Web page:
DoFollow: it was a noble experiment. But it brought me a lot of thin or spam comments that benefited no one. I spent a fair amount of time either deleting these or agonizing about whether they had a shred of content and should be spared.

To recap, quickly, for anyone who needs a recap: When comments are “followed” the recipient benefits slightly — and I suspect the benefit is now very slight indeed, given the thrust of Google’s recent efforts in this area — from a bit of “link juice.” Simplifying enormously (to avoid getting into the Byzantine details of this), the more links a site gets the higher it is likely to rank in SERPS (search engine result pages). This system encouraged spammy comments on blogs, so Google and others invented “NoFollow,” which turns off this benefit.

WordPress (my blogging platform) comes with NoFollow turned on out of the box, but plugins have enabled turning NoFollow off, so that commenters get some link benefit from participation. Which just seems fair.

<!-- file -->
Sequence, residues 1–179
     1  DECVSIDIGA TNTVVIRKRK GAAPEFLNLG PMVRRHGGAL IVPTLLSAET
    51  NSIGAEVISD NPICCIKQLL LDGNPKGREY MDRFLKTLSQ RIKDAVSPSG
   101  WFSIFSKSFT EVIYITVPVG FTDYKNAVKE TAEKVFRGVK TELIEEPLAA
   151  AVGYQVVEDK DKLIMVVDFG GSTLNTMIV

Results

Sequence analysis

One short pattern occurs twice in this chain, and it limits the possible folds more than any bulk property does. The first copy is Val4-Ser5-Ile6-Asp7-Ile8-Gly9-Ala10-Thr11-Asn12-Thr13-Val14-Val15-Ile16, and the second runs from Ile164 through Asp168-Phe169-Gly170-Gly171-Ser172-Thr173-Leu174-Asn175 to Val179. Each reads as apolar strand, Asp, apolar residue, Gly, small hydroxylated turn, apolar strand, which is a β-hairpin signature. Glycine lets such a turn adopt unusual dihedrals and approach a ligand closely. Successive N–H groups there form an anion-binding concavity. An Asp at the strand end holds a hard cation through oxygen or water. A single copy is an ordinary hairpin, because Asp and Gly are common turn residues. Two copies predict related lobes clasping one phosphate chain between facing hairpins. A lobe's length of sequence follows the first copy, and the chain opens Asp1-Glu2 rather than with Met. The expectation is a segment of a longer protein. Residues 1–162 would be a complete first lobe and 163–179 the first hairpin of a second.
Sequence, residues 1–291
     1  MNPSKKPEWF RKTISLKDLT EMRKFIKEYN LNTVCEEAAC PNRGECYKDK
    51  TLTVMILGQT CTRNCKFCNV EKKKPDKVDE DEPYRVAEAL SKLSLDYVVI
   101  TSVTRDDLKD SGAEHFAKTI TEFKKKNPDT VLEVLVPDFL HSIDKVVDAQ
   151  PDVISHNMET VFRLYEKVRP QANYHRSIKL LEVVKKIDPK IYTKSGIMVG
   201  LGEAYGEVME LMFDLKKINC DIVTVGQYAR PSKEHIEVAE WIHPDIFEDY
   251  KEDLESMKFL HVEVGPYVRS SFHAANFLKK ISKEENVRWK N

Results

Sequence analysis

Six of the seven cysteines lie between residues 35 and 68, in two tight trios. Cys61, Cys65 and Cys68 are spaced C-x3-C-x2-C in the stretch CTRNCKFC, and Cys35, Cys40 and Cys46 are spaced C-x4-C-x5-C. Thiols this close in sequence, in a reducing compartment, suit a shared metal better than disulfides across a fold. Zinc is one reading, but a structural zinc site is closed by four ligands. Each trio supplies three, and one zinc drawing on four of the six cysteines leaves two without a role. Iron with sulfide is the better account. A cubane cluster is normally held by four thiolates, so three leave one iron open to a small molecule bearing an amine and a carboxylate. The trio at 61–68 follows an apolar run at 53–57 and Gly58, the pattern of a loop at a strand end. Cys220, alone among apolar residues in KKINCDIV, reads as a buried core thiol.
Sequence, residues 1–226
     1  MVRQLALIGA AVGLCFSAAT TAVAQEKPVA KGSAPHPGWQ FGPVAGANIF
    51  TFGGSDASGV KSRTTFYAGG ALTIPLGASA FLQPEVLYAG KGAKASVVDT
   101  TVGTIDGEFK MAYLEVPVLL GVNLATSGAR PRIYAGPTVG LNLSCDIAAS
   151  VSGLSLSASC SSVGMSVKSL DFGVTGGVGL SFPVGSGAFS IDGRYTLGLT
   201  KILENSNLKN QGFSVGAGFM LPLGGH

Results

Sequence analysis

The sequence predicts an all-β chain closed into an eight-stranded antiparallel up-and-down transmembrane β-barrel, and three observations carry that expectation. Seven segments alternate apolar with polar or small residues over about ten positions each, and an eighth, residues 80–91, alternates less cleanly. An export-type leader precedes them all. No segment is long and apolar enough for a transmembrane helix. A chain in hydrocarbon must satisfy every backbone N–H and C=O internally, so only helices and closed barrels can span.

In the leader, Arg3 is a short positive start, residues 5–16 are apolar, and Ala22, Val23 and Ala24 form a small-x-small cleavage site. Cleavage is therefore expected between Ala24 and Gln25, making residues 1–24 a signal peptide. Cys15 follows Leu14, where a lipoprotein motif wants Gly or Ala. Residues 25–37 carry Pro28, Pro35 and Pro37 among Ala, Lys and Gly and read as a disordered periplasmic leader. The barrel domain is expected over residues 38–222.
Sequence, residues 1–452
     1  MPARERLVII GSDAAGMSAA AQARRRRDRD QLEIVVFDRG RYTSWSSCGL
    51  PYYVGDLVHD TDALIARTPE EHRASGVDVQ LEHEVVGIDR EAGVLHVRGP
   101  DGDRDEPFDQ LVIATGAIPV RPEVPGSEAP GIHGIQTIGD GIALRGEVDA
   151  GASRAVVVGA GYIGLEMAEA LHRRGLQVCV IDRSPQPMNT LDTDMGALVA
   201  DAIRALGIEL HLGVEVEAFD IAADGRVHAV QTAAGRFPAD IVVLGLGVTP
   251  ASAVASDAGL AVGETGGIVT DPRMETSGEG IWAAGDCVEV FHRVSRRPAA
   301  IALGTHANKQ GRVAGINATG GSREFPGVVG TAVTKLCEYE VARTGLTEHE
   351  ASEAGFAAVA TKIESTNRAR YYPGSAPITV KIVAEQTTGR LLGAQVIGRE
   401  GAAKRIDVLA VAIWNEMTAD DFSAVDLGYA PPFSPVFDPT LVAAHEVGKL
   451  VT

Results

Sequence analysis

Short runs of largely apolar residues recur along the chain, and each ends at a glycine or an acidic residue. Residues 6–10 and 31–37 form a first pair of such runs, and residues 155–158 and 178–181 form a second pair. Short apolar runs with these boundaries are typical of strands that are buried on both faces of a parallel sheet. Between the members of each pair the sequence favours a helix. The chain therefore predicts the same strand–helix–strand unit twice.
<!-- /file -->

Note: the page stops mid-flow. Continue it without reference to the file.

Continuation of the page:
Unfortunately the people who understand this benefit — or maybe who understand it dimly enough to exaggerate its value — are often not the same as the people who share the real interests of the blog. To see the sort of folks DoFollow attracts, check out this community — it is mostly made of of people hoping to make money writing blogs about how people can make money writing blogs.)

I’m tired of fighting this battle. and I’ve turned off the DoFollow plugin. And so, on we go.

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